Spam. Eww. Who wants it, right? Unfortunately spam isn’t confined to email inboxes. It’s rampant in the world of social media. These days spam comes in all shapes and sizes, from entire blogs that are spam to itty bitty tweet spam. If you’re serious about using social media marketing to promote your business, you can’t afford to be labeled a social media spammer.
That “spammer” label can be a hard thing to shake. The thing is, you might earn the title completely unintentionally. What you consider innocent might be viewed very differently by the people you’re trying to reach through your social media marketing efforts.
Types of Social Media Spam
The first step to avoid becoming a social media spammer is to understand the different types of social media spam. Here are five of the most common:
- Profile spam — Profile spam is usually a type of link spam. It’s when you set up many social media profiles on different services like social networks solely, or mostly, to add links to your site. You might think you’re adding value by helping people find your site. If you’re not actively engaging with community members though, you’re spamming the service and wasting visitors’ time.
- Comment spam — Comment spam is another common type of link spam. This is when you visit blogs, social networks, social bookmarking sites, Q&A sites, or any type of social media service that allows you to leave comments. You leave brief comments that don’t really add to the conversation, and you do it in order to leave a link. Saying “great post” is fine if you want to shoot someone a quick email with a pat on the back. But when you litter a comment thread with comments like that, with no additional value added, you’re going to piss off other readers. It’s more they have to scroll through just because you wanted to toss up an ad to your site through a link, and it’s behavior that deserves a slap on the wrist. Bad blogger. Bad!
- Follow spam — Follow spam is usually related to Twitter (and other microblogging services), but it could apply to social networks too. In fact, I’d say MySpace really kicked off follow spam through “friending.” Let’s look at it in terms of Twitter though. Follow spam is when you follow a massive number of people for the primary purpose of getting them to follow you back (as opposed to actually caring about what they have to say). It’s a matter of trying to artificially inflate your appearance of popularity. Rather than make you seem popular though it just makes you look skeezy, like that creepy guy who hits on every woman he meets just hoping that one will give him the time of day. You really don’t want to be that guy. Follow spam is twice as bad if you do get those follow-backs and then you proceed to spam them with links to your site (or affiliate links).
- Geolocation spam — Geolocation spam is often a result of an individual’s behavior rather than a company’s. There is nothing wrong with geolocation tools like Foursquare in general. The problem is when users of these tools (which tell friends and others where they are) are attached to larger social media tools such as Twitter. Most of your Twitter followers probably don’t care what restaurant you’re eating at. They might be halfway around the world. Leave the geolocation updates to their own sites or services rather than forcing them on a more general follower-base. The updates amount to free ads and endorsements of the places you visit, which can be almost as bad as tweeting your affiliate links left and right. It can be downright annoying, and since it’s highly unlikely that it’s the reason people started following you on Twitter, those “free ads” are partially unsolicited. Don’t make them choose between putting up with geolocation spam or blowing you off completely. While you might get away with it now, the more people that start doing it the more obnoxious it’s going to get and the less tolerance people are going to have for it (just like good old Myspace again where the cute little “bulletins” everyone liked to use became self-promotional, attention-whoring spam breeding grounds). Learn from past social media marketing mistakes; don’t add to the problem.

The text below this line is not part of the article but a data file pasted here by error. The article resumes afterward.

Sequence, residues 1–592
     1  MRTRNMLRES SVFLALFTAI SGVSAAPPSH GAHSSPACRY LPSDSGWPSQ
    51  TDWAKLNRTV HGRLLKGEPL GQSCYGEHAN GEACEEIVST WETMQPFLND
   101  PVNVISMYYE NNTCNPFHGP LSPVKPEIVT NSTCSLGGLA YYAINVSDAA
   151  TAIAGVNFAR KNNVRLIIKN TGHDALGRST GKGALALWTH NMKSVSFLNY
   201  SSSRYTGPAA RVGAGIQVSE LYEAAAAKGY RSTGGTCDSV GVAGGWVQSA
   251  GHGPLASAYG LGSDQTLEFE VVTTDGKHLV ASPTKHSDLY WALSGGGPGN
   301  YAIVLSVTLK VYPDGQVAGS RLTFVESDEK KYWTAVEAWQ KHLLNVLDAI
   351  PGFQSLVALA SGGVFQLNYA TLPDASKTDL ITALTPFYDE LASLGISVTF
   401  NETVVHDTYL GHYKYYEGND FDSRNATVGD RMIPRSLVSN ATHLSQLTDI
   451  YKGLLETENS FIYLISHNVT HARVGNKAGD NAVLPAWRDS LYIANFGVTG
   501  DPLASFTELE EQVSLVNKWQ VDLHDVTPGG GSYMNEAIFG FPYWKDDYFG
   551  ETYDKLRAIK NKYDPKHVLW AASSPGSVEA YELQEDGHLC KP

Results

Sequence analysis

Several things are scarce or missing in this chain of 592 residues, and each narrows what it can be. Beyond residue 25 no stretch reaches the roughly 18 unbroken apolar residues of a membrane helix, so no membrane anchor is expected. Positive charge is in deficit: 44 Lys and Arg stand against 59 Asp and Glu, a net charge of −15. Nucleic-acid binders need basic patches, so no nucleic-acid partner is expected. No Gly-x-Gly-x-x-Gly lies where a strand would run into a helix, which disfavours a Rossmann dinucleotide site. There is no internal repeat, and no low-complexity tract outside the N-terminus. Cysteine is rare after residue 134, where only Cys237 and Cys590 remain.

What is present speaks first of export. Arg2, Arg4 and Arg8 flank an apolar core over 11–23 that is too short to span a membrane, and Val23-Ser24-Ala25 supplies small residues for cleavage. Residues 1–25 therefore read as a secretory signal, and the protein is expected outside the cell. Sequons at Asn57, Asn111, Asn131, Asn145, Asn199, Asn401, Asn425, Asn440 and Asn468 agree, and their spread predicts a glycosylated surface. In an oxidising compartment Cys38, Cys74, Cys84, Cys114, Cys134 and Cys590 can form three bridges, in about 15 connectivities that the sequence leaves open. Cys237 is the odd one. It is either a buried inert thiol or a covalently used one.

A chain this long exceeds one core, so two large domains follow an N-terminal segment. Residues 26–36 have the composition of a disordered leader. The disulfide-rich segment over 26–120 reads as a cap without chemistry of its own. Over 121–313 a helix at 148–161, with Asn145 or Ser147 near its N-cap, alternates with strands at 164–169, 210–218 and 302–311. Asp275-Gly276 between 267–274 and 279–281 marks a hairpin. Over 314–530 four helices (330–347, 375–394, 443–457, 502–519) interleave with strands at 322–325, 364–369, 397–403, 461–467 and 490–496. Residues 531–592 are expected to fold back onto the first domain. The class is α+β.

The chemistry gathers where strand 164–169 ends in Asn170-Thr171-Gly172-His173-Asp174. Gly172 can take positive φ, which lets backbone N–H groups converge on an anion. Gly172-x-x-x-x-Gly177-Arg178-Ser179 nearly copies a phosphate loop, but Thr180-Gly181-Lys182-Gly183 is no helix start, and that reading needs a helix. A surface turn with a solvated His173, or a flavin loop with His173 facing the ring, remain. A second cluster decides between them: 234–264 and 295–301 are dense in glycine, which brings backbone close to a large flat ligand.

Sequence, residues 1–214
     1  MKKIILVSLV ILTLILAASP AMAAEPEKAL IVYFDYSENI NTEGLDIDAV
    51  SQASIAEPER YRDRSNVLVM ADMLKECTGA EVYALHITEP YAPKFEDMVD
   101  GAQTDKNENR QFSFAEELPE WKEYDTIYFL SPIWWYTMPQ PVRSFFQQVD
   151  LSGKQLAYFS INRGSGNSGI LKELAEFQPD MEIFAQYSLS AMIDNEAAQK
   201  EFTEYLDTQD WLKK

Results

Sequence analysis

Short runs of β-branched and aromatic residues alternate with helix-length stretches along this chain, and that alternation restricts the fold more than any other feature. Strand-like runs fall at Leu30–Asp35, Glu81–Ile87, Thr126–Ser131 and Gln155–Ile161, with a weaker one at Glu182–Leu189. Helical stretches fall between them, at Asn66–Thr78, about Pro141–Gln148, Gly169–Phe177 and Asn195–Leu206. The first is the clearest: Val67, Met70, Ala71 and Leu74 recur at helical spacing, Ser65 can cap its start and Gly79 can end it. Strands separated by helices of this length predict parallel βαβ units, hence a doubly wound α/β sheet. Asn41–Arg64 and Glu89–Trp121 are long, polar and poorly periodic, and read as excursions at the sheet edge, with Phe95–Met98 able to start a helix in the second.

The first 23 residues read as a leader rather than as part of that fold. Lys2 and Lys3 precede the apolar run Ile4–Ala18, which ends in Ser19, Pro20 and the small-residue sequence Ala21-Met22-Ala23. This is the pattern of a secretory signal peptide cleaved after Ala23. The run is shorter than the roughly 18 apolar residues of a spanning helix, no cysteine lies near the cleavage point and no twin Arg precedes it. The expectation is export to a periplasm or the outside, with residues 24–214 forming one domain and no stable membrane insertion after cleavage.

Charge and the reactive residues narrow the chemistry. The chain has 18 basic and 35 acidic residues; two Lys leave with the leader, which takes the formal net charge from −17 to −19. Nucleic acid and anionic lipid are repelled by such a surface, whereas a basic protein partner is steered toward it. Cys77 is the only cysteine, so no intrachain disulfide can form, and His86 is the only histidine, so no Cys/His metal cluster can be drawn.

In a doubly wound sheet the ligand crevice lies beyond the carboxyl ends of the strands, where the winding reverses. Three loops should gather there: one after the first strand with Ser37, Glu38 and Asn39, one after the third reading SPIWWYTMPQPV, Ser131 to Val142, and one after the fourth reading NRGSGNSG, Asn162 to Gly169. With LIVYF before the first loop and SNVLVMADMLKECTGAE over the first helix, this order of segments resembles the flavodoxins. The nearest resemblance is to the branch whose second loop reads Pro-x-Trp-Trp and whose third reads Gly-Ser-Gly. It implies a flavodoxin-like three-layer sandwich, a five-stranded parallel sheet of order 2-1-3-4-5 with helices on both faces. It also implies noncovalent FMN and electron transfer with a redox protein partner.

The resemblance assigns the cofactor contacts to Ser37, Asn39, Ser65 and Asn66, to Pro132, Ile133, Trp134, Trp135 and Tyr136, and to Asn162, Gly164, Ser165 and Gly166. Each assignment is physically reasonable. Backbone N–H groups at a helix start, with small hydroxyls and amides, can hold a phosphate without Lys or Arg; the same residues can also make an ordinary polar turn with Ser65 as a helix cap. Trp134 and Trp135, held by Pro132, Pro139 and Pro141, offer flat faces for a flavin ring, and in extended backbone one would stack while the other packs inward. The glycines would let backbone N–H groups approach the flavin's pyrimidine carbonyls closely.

- Splogs – Splogs are like the super-sized version of social media spam. It’s not a link or a tweet or a message or a comment. It’s a whole site! A splog is a spam blog. They generally involve little to no original content. They just aggregate RSS feeds from other blogs so they stay regularly updated. Then they have large numbers of ads (often from contextual ad networks) to earn money. There are several problems with splogs. First, they rarely get permission to republish and monetize the content they use (meaning they’re often violating the copyright of the author). These spam blogs can also hurt the original author’s blog in some cases. For example, if a splog is indexed very frequently by search engines then its copy of an article might get indexed faster than the original author’s copy does (such as if the author’s site is new and not quick to update). While it doesn’t seem to happen often, this can result in the original content being outranked by the splog, so traffic goes to the spammer instead of the legitimate author of a post. Running a splog might make you some quick ad revenue or give you sitewide links to other sites, but they’re not an ethical option. Depending on how you got the content, they might not even be legal.
These are some of the most common types of social media spam I come across, and types of spam you might not even realize you’ve been guilty of. Even if you have innocent intentions, acting in a way that annoys your audience or abuses relationships with them can cause lasting damage to your company’s reputation. Is it really worth it for a few links or easy ad revenue? I guess that depends how long you plan to be in business.
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